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Home / Blog / Tarjama-e-Tarjama: Translating the word Tarjama

Tarjama-e-Tarjama: Translating the word Tarjama

by Rajat Kumar 09 November 2021 2 min Read

Tarjama-e-Tarjama: Translating the word Tarjama

Nowadays in English, the word ‘translate’ is often used quite unusually. Like, ‘the money that’s been invested must translate into success.’

Does that mean money (material) would actually convert into success (immaterial)? 

No. It means money would bring about success. Interestingly, that’s what ‘translate’ literally means ‘to carry across’; ‘to bring across’. And, as is evident, it has nothing to do with either language or text-conversion. Yet, it’s used in that sense!

Such is the case with this word’s Urdu counterpart ‘Tarjama’. So today, we’ll try to translate the word ‘Tarjama’ inside-out, and see what it brings across; perhaps we’ll get to know something unknown?

Let us begin with recalling the meanings we are most familiar with- translating a text from one language to the other; interpretation. 

Strong start! Let’s keep scratching its surface. A good idea is to crack open its root-word ‘Rajm’.

Rajm actually means, ‘pelting a stone at Satan, stoning to death’; I know what you’re thinking, that’s one meaning I can do without. But wait, this is where Rajm’s second meaning arises- to reproach, to damn, to say ‘evil be upon you! (buraa ho teraa!)’ – it’s so natural, why would someone hurl stones at Satan and not say a word, one’d surely have some cuss words besides all the stones!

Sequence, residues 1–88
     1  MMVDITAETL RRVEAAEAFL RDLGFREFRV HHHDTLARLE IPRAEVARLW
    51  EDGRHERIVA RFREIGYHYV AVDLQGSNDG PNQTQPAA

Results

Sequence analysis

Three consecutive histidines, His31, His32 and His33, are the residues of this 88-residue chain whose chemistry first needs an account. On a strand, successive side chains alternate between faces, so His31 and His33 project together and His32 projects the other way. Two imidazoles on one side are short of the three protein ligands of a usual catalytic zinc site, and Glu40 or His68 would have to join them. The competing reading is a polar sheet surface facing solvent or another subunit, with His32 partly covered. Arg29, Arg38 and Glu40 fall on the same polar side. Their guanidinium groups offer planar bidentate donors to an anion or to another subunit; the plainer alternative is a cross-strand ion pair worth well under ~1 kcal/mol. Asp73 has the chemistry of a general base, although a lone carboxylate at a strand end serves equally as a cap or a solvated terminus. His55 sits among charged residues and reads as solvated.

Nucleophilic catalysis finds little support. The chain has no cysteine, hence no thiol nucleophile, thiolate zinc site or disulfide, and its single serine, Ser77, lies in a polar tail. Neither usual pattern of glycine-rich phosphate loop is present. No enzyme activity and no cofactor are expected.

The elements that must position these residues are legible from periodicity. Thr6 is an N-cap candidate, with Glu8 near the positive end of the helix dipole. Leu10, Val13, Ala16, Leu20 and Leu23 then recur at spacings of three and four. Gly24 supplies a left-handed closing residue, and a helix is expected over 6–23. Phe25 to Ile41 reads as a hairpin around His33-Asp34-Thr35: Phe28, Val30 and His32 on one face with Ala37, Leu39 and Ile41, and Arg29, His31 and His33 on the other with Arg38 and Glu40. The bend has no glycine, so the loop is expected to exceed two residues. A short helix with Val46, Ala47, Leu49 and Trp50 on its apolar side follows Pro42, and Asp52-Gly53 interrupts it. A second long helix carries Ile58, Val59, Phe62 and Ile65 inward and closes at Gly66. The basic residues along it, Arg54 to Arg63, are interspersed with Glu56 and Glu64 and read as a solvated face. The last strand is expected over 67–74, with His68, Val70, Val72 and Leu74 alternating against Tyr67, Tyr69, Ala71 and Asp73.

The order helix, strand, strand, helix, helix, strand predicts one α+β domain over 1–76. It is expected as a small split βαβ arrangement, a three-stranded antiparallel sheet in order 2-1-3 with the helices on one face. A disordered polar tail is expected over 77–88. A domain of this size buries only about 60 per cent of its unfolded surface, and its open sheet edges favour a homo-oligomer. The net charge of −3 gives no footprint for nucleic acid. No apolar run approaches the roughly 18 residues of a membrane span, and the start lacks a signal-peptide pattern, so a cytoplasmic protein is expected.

What we’ve done so far is correlate stoning and speaking. Now, enters its third and final meaning, the one most useful to us, ‘speaking by conjecture, taking a guess’. It seems a far-fetched meaning, but the idea here is, ‘if you’ve something bad to say (to damn), it must be an assumption; because an emotionally-charged expression is devoid of clarity.’ 

Moving on from that strange rationalization, it’s time to get back at our focus-word, Tarjama.

Essentially, Tarjama comes to mean ‘taking conjecture out of the equation (shakk duur karna)’. In Arabic, it originally means ‘a biography, an account of a person’s life and events.’ Tarjama Karna would therefore mean to write a biography, and not translate, in Arabic.

Then why is it that we use Tarjama differently? 

We don’t. Taken letter for letter, Tarjama means ‘making the unknown known, and making the unclear clear’. Just give it a thought if that’s not what translation is all about!

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